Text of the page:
The short lived town of Rome was established in May of 1867, which was approximately 3-4 months prior to founding of Hays City. The details surrounding the rise and fall of this small town are not clear. The first inhabitants of Rome appear to have been the Lull brothers from Salina, Kansas. Whether they were the town founders, emissaries of the founders, or simply the first businessmen remains a question. Also unclear is the roll William Cody played in the town’s history. Some accounts credit Cody and his partner, William Rose, with the founding of Rome. Cody as a scout for the Army and Rose as a railroad contractor may have had information that could have led them to choose the site as a good location for a town, as neither the railroad nor the Fort were in the area when Rome was first settled. It was in June 1867, that Fort Fletcher, which was located approximately 15 miles east and south of present day Hays, was relocated (and renamed) to the current site of Fort Hays.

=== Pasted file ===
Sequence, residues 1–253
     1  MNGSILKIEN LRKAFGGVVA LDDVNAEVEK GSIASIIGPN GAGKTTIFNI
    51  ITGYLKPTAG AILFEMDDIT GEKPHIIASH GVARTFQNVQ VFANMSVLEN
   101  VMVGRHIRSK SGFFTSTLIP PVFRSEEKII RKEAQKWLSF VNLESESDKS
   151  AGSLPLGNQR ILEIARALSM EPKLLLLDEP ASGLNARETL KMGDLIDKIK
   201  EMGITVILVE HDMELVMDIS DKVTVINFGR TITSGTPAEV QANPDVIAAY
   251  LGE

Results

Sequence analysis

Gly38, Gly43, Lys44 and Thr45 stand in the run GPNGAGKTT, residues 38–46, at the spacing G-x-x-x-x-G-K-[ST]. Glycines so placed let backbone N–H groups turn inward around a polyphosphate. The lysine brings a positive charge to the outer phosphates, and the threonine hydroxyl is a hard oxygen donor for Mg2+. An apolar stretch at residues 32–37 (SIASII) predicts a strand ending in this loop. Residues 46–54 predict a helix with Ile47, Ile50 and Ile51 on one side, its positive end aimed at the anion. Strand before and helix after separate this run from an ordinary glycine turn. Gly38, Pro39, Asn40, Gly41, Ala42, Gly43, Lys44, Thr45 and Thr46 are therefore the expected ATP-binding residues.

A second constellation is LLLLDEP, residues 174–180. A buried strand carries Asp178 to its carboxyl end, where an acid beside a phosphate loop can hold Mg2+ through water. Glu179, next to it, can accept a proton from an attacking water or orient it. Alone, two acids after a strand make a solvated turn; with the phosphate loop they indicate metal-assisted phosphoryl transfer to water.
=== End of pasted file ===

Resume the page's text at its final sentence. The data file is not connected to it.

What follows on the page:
Simon Motz, an early citizen of Rome, who then became the first Hays mayor, arrived in Rome in June 1867. At that time, records tell of a two story hotel being built by Joe Perry, a 4 room house and a large stone business under construction by Cody and Rose. A week later, according to Motz, Rome had a population of 500 and his description of Rome as a “tent city” indicated that most of the businesses were probably canvas structures. When the Butterfield Stage Line opened a station in the Perry House, the future of Rome seemed good, but cholera hit that summer and decisions made by the railroad did not help the fledgling town. W.C. Webb, who apparently had the authority to locate depots for the Union Pacific Railroad Eastern Division, began selling town site lots east of Big Creek. This rival town company of Webb and a man named Phinney Moore, had wanted to be made partners with Cody at the Rome town site, but when Cody refused, they encouraged the development of a new town approximately a mile east of Rome. By July of 1867, Rome had over 2,000 citizens and continued to grow until August when the town of Hays City was established. By the time the railroad arrived in October, many of the businesses of Rome had already relocated to Hays City or farther west along the railroad. The last businesses moved out of Rome in the spring of 1868. Visitors to this location will see the stone marker on the western outskirts of Hays that shows the approximate location of the Rome town site. There is a bronze historical marker that provides a information about Rome, and nearby is the railroad bridge crossing Big Creek that was once known as “Hangman’s Bridge”, the site of several hangings in the early days of Hays City. Those who care to explore the area around Big Creek and the Rome location will find hiking trails that cross beneath the 12th Street Bridge and south through the Fort Hays State University Campus.